Rickson Gracie can finally breathe out and hopes that others can take a deep breath, too.
At the age of 62, after decades of forcing his opponents to tap, the Brazilian jiu-jitsu icon now spends his mornings practicing a mindfulness ritual of meditation and yoga, followed by surfing the waves of the Pacific. Since injuries caused him to cut back on his own practice, Gracie proudly takes on the role of teacher and global ambassador. He shares his expertise in rear-naked chokes and other tap-out classics – moves made famous during his reign as arguably BJJ's greatest athlete – to his legions of students through his online academy.
Through the experiences he recorded in his recently published New York Times bestseller Breathe: A Life in Flow, a new generation can learn the art of being comfortable in uncomfortable moments.
“Breathing has always been my invisible asset, whether it's fighting, surfing heavy waves, enduring cold water, or just getting things done,” he says.
Today Gracie admits he spends more time in the kitchen these days too – he says he can make a chicken casserole or a variety of desserts based on the recipes his mother made for him and his brothers in Rio de Janeiro, Brazil . In his prime, Gracie would whip the doubters who line up to test him and the legacy of Gracie Jiujitsu, created by his father Hélio. Every challenge came up with the same result: Gracie would subdue any enemy with brutal precision.
This also applied to his professional career. Seven of Gracie's 11 professional MMA victories, mostly held in Japan in the 1990s, ended with rear-naked choke submissions – the other four were armbar and face slaps.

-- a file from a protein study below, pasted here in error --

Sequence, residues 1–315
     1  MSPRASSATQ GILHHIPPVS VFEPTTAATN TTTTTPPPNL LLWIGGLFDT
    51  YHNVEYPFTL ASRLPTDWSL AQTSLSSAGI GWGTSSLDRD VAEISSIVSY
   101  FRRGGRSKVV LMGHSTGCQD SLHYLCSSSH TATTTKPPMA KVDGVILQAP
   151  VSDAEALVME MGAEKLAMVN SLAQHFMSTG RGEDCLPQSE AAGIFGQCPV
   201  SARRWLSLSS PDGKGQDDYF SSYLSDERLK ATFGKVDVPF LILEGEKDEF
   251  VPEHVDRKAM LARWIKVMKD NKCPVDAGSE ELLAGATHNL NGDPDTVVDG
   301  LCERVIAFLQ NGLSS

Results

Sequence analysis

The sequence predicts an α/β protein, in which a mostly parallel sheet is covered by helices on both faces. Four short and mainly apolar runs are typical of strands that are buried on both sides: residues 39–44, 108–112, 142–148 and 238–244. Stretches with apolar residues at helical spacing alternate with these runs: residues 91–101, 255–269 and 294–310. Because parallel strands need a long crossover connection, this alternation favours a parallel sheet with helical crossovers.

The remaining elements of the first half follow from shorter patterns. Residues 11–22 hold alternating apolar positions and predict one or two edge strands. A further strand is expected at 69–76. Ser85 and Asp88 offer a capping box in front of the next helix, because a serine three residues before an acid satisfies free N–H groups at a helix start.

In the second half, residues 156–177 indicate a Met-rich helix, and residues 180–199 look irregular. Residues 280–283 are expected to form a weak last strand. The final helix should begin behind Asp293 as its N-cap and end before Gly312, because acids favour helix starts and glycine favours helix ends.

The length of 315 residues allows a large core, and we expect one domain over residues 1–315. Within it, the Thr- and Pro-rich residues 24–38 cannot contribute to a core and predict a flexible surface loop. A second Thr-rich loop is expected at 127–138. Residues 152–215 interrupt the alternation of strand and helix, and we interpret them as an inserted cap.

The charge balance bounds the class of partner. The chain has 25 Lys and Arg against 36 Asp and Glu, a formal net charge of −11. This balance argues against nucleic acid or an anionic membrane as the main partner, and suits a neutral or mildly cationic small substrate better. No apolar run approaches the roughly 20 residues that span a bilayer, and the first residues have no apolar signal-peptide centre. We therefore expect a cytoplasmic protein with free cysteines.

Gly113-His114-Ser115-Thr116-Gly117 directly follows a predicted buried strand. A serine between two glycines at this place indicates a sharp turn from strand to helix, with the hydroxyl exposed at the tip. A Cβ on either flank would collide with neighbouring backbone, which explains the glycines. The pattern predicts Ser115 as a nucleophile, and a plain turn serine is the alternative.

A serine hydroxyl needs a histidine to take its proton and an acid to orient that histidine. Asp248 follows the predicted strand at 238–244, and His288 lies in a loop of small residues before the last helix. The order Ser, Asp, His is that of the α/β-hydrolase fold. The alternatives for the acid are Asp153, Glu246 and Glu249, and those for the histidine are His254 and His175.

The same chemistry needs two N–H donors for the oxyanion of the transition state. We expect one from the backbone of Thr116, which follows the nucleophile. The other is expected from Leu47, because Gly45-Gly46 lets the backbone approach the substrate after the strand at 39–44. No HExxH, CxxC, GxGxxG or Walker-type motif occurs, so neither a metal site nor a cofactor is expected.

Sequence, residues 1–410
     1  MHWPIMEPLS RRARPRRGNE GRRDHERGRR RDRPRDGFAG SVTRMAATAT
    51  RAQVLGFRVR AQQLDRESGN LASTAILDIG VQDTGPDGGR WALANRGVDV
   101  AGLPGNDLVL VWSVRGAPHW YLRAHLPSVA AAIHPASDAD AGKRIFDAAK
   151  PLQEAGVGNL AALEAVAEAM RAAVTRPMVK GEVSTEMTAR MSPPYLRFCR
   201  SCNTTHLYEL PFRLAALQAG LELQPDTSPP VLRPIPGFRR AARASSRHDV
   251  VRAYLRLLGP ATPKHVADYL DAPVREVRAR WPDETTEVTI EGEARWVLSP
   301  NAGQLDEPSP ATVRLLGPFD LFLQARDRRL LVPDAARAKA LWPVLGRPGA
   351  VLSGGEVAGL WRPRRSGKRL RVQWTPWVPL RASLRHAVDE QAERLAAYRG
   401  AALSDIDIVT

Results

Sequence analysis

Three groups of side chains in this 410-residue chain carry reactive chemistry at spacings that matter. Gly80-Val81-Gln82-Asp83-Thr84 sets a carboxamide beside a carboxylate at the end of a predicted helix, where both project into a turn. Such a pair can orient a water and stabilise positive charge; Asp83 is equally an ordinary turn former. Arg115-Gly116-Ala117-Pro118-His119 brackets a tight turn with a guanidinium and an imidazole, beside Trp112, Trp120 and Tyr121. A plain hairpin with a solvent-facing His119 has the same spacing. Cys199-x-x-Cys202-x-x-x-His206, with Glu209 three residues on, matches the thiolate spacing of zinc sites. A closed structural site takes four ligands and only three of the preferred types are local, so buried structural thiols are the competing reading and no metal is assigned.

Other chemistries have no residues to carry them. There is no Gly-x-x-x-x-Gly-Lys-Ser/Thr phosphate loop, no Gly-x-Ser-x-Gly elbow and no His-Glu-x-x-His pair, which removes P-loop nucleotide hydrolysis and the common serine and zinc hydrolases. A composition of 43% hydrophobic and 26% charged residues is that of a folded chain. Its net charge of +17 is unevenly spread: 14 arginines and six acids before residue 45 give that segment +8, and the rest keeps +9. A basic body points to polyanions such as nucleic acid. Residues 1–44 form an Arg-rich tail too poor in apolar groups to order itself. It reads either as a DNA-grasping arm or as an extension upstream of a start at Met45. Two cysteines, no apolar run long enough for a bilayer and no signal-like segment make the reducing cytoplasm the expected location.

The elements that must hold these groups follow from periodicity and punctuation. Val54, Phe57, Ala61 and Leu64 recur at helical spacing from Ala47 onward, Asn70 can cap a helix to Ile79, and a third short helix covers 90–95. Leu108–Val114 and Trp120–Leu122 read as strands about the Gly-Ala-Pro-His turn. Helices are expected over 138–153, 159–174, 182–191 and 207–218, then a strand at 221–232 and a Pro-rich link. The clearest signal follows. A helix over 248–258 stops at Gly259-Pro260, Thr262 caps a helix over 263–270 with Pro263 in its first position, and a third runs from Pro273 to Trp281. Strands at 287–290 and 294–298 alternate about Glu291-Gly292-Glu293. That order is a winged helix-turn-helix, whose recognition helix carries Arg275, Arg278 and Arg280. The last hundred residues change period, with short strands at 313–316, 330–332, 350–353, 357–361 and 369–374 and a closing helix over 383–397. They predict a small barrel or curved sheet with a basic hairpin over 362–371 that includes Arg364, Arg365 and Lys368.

But even for the good of BJJ, since his hand was always raised in victory, the pit of his stomach was filled with fear and doubt during his early fights. But when you learned how to "breathe" from a teacher, things slowly started to click. His first fight was three 10-minute rounds against an undefeated gigantic opponent – "King Zulu" who was 50 pounds heavier and more than a decade older than 19-year-old Gracie.
“I was dead tired,” he recalls. “I asked my father to end the fight because I was completely exhausted. He didn't even listen to me. He told me that (Zulu) was exhausted and now it was time to hit him. Then, just before the bell rings, my brother throws a bucket filled with ice water over my head. I finished it off with a rear-naked choke within three minutes. "
Courtesy Rickson Gracie
One theme of his teaching is that through a combination of mindset and breathing work it is possible to overcome most uncomfortable moments, regardless of the size of the situation or the adversary: “My worst enemy was my own brain that told me to stop. From that point on I decided never to let my thoughts work against me. "
His memoirs (co-authored by Peter Maguire) share Gracie-Jiujitsu's roots, the struggles he fought in protecting the honor of the Gracie surname, and the highs and lows – including his son's tragic death – of being a Jiujitsu icon shaped and transformed it today.
Gracie shares in this week's winning strategy how taking a deep breath can help you overcome fears, share your knowledge with the next generation, and develop your spirit at any age.
"Humans can see obstacles and ways to escape and work towards happiness," says Gracie. “Of course I feel a little naked because everyone knows about my intimacy, but on the other hand, I hope I can share with people some examples of what I've done to reinvent myself in some difficult and uncomfortable situations to survive."